Drought, low consumer confidence hit food manufacturing hard: report
By Food in Canada magazine staffBusiness Operations Food Trends Conference Board of Canada Food Manufacturing
The Conference Board of Canada’s latest report shows how hurt crops and poor job market will affect food manufacturing
Ottawa – A recent report from the Conference Board of Canada says the country’s food manufacturing sector will have to struggle through a tough 2012.
According to the report, called Canadian Industrial Outlook: Canada’s Food Manufacturing Industry-Summer 2012, a slow recovery in exports to U.S., a significant increase in commodities prices due to drought, and a slowing Canadian job market all mean the industry will generate meagre growth this year.
Pressure on profit margins
Michael Burt, director of Industrial Economic Trends at the Conference Board, says food companies are being squeezed by both costs and prices.
“Input costs are rising due to a run-up in commodity prices, and demands from retailers and consumers are limiting the ability of manufacturers to increase their own prices. The result is pressure on the industry’s profit margins,” says Burt.
The report adds that the worst drought in decades continues to punish key farm states in the U.S., and predictions are that 2012 could see the lowest average corn yield in more than 15 years.
The U.S. accounts for nearly 40 per cent of global corn production and 35 per cent of soybean production.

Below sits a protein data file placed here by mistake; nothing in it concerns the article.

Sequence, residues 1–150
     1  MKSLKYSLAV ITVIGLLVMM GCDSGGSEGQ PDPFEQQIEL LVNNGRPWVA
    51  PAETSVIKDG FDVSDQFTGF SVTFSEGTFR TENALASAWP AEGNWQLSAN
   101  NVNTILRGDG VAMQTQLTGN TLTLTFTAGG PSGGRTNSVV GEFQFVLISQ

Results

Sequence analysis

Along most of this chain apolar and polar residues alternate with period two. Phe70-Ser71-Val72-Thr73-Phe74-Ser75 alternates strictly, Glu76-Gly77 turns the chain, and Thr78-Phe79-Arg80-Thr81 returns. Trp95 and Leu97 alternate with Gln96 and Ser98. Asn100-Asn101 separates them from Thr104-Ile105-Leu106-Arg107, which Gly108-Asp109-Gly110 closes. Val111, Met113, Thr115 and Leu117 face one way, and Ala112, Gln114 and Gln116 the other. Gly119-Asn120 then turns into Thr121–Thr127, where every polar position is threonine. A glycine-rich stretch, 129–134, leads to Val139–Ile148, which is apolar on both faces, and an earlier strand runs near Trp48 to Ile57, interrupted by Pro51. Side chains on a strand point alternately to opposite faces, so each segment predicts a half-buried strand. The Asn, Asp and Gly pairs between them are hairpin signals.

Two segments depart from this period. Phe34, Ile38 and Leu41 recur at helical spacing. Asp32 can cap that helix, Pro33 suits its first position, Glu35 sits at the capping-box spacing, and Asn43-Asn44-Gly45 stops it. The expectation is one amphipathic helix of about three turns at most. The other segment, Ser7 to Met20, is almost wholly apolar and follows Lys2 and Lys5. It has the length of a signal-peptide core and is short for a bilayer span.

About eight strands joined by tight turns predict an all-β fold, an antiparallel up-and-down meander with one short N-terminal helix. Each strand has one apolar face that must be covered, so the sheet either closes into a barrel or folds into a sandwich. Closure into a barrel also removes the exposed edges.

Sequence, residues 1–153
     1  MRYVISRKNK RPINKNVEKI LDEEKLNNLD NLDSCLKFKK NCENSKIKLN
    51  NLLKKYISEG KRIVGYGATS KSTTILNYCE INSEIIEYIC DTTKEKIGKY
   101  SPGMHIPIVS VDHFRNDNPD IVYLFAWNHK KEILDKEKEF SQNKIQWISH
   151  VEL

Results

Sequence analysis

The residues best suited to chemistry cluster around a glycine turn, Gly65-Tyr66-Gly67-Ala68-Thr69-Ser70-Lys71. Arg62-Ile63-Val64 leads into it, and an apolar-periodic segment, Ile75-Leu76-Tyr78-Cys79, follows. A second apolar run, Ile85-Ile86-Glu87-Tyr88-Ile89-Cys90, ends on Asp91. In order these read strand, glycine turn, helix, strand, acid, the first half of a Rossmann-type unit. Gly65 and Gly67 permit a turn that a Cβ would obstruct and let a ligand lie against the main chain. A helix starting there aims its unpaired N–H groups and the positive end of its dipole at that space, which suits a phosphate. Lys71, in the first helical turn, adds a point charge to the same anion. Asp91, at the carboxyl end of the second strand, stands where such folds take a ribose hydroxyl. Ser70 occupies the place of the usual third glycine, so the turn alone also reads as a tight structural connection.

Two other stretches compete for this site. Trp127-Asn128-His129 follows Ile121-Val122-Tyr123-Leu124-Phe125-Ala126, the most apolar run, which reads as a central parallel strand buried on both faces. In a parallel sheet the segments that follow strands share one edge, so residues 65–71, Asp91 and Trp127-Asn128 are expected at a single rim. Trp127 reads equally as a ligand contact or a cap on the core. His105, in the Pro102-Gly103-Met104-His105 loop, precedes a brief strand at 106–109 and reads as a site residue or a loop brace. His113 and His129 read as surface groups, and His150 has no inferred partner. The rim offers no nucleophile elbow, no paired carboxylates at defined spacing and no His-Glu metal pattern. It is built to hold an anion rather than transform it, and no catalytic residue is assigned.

Plummeting yields have major implications for world food prices.
Corn is used in everything from cereals to cake mixes and candy bars, so consumers are likely to see increases as high corn prices make their way through the food product supply chain.
The industry’s output is forecast to advance by only 0.5 per cent this year. Industry profits will inch up from $4.6 billion in 2011 to $4.7 billion in 2012, and pre-tax profits will gradually improve beyond 2012.
However, manufacturers will not likely see the kind of profit growth they enjoyed between 2006 and 2009.
Drivers to recovery?
Food manufacturing is one of Canada’s largest industries and consumer tastes will largely dictate the direction of the industry.
Conveniences (such as the increasing popularity of snack foods) and healthfulness are two leading drivers for manufacturers. The trend among consumers toward more healthful eating is exerting considerable influence over food manufacturers’ business plans.
“Introducing innovative organic and natural products with higher profit margins and opening up new markets are likely to be the twin engines that drive growth in the future,” says Burt.
As well, catering to consumers in emerging countries such as Brazil, India, China, Mexico, Poland, and South Korea creates opportunities for Canadian food manufacturers looking to export their products.
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